The rotation is on. Where in 2013, the 50 highest beta stocks in the S&P 500 (gaining 51%) beat the 50 lowest beta stocks (gaining 21%), the reverse is taking place in 2014 — with the 50 lowest beta stocks (gaining 12%) beating the 50 highest beta stocks (gaining 7%).

“You see this all over the place — people are still scared,” Richard Bernstein, CEO of Richard Bernstein Advisors, explained the rotation out of higher beta into lower beta. “They’re still more worried about protecting to the downside than accentuating the upside.”

Yet the beta rule is not always cut and dry. Sometimes high trading activity can distort performance.

Expect the Odd Distortion

No matter how volatile or stable a stock is historically, its movement will periodically become distorted when investors jump in and out en masse, as they have been doing recently.

This is illustrated in the graph below comparing the currently hot low-beta utilities sector (blue), the high-beta energy sector (beige), the high-beta SPHB ETF (purple), and the low-beta SPLV ETF (orange), to the S&P 500 index (black).

SPHB%2C SPLV%2C and S%26P 500 indices by beta


The volatility of the high-beta ETF (purple) is quite understandable — but the volatility of the low beta utilities sector (blue) isn’t. While in early April the utilities did perform as a low-beta sector should, they went completely amuck in May, falling more than the high-beta ETF and much more than the S&P index. Remember, this utility sector ETF (XLU) has a beta of only 0.14. It isn’t supposed to behave this way.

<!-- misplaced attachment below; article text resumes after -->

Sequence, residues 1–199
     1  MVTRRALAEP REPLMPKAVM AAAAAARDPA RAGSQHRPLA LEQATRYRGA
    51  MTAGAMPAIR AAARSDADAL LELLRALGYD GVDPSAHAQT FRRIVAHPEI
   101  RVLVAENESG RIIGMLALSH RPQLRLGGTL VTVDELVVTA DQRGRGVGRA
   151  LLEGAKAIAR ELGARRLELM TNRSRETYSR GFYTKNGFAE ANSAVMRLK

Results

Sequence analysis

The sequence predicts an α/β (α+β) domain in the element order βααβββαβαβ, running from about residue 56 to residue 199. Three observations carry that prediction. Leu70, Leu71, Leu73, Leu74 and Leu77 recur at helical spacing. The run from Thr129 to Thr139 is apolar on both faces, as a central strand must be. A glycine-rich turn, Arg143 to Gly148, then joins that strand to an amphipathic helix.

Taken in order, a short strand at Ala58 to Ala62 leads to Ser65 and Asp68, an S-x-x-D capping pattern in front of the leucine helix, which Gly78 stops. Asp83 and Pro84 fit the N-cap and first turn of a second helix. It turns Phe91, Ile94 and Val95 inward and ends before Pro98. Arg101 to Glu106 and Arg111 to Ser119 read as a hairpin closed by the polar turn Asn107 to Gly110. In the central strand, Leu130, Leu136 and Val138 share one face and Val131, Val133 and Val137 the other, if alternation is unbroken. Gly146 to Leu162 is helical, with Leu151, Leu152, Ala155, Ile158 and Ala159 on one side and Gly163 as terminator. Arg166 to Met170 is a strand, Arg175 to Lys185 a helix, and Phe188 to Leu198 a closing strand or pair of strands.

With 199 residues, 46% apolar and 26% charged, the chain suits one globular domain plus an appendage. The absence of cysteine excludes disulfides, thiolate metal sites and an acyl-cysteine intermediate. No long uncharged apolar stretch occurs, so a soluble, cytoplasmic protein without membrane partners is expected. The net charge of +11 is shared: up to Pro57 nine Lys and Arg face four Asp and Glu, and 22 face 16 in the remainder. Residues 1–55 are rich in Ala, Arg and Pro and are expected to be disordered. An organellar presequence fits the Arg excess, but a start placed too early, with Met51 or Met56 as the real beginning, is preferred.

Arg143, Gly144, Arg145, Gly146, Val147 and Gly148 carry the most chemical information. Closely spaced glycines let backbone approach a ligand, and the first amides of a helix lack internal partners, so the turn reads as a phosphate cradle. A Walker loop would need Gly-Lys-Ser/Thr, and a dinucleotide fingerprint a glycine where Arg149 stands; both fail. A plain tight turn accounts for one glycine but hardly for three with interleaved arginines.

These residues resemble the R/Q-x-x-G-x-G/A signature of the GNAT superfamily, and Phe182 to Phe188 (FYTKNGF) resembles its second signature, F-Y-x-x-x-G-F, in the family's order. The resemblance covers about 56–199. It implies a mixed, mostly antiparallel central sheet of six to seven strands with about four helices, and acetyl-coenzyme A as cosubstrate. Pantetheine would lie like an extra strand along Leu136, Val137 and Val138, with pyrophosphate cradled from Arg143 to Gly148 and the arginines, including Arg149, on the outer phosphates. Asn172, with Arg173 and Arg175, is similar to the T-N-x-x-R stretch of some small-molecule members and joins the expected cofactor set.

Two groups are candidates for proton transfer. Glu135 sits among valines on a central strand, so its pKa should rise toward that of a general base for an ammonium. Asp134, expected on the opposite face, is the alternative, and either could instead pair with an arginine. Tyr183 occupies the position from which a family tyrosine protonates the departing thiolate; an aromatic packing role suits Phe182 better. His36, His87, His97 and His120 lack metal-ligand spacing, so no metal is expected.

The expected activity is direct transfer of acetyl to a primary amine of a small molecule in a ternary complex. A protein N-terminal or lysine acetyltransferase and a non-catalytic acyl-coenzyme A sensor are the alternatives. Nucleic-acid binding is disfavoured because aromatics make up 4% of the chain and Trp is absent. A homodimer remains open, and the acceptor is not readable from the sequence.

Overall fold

What this shows is how traders can often move a stock or ETF more than its historical beta would indicate, and we must expect short-term distortions. Over longer time horizons, however, betas do perform as one would expect, with ETFs adhering more faithfully to their betas than individual stocks.

The Right Tool for the Right Job

If you are considering rotating into lower-beta sectors for the summer, don’t let their high gains of the past few months cause you to expect too much from them on the next leg up after the correction is over. While utilities have outperformed the S&P 500 by 14% to 9.5% year to date, they and other low-beta stocks will not generally beat the broader market going up. Such is not their purpose.

The real benefit to owning low-beta stocks is preservation of capital during market pullbacks, since low betas generally fall less. Once a correction has stabilized, we mustn’t stay in low-beta stocks expecting them to beat the market going up, but should switch back into higher-beta holdings when the bull run resumes.

Joseph Cafariello